Social media for research, teaching and collaboration instruction

Instruction

Instruction statement

This instruction must be followed by RMIT staff using social media for research, teaching or collaboration. The advice here familiarises staff with best-practice collaboration and research techniques, and ensures that learning and student interaction conducted via social media occurs in safe and secure environments.

Exclusions

Staff not engaged in teaching or academic research.

Instruction steps and actions

Instruction (including key points)

Responsibility

Timeline

1. Planning your social media presence

1.1 Aim
Have a clear aim in mind about what it is you want to achieve, for example, disseminating research ideas, making connections, forming a network, joining an existing network.

1.2 Defining value
Think about the kind of value you will add with your social media presence, such as original research, advice and tips or facilitation of networks and collaborations. If you are in a niche field of research, besides research findings, consider posting reflections on wider issues to expand your readership.

1.3 ResilienceDebate conducted on social media can be robust and often pointed and personal. Think about how to deal with stressful and difficult situations. Consult the Communicating on Social Media Instruction for advice on dealing with inflamed situations.

1.4 Know your audience and channel
Have a clear idea of your audience and its expectations. Choose a social media channel that suits your communication needs. Blogs are valuable for longer digressions on a particular issue or for sharing drafts of works in progress. Twitter is ideal for conversation and immediate responses to current topics. Facebook is good for forming groups, pages and new networks around an issue or strand of research.

1.5 Public broadcast or private collaboration

    1.5.1 Consider whether you really need a public-facing social media platform such as Twitter or Facebook. If you will be mostly sharing presentations and files with departmental colleagues, an internal social network such as Yammer or peer-to-peer collaborative tool such as Google Sites might be more appropriate.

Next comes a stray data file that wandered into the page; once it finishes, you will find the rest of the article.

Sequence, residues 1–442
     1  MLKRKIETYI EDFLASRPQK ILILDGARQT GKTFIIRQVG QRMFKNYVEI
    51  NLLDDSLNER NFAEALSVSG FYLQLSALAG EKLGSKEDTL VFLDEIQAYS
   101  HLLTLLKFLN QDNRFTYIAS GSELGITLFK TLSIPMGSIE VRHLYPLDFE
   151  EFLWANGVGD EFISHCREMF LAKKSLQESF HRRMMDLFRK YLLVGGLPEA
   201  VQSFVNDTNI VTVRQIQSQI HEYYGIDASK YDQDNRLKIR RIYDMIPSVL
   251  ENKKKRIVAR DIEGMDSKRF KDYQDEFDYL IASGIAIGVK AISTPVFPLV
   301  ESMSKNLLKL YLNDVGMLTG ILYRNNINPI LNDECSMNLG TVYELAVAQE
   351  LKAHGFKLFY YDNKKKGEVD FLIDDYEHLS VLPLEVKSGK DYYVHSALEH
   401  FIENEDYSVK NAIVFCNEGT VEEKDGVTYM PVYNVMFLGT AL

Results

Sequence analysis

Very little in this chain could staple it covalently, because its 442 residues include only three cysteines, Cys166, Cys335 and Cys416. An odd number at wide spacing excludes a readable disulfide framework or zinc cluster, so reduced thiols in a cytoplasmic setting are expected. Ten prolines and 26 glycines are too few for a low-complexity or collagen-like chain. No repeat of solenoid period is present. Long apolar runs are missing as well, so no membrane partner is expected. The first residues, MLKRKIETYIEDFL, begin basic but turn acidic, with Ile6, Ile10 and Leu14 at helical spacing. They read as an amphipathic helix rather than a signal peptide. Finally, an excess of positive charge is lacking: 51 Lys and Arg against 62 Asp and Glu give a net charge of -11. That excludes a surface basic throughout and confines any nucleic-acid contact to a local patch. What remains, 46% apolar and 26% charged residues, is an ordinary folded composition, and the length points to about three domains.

1.5.2 If your site is public facing, remember that anything written on social media has the potential to be cached and archived indefinitely, even if deleted immediately. Keep in mind the essential tenet of good digital citizenship: do not say anything on social media that you would not say in person and in public.

1.6 Making connections
Make a list of people in your field doing interesting work with social media. Find their online presences and connect with them. When locating like-minded people, try to demonstrate genuine interest in their work by retweeting or reposting their thoughts, with attribution, or linking to their work.


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2. Composing your content

2.1 Finding your voice and listening
Persona, tone and voice are important. Sharing and conversation are cornerstones of social media: add value to your social media presence by circulating ideas, thoughts and research in the spirit of collegiality and collaboration.

2.2 Curate content
Give full and appropriate attribution where due for sources, links and ideas. Try to incorporate a curatorial aspect into your social media persona, commenting on and expanding upon the ideas referenced.

2.3 Writing for social media
Compose tweets and posts in accessible, easily scannable, web-friendly language. Don’t overuse jargon. See RMIT’s Writing for the Web Instruction and the Core Social Media Channelinstructions for Twitter, Facebook and blogs.

2.4 Self-promotion
Audiences tend to switch off when reading excessive self-promotion. For example, with Twitter, a common tactic for people new to the platform is to use it as in a ‘megaphone’ capacity rather than as a ‘two-way radio’ with the potential for conversation, which tends to lose followers and credibility. Balance your posts with conversations or engagement with issues popular on the channel you’re using. See the Core Channel: Twitter Instruction for further advice.

2.5 Finding an audience
Building up a viable, respected social media presence and network takes time. Don’t be discouraged if it does not happen straight away. Like any kind of professional relationship building, perseverance and trust is the key. See the relevant Core Social Media Channelinstructions (Facebook, Twitter, blogs) for further advice.


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3. Social media for research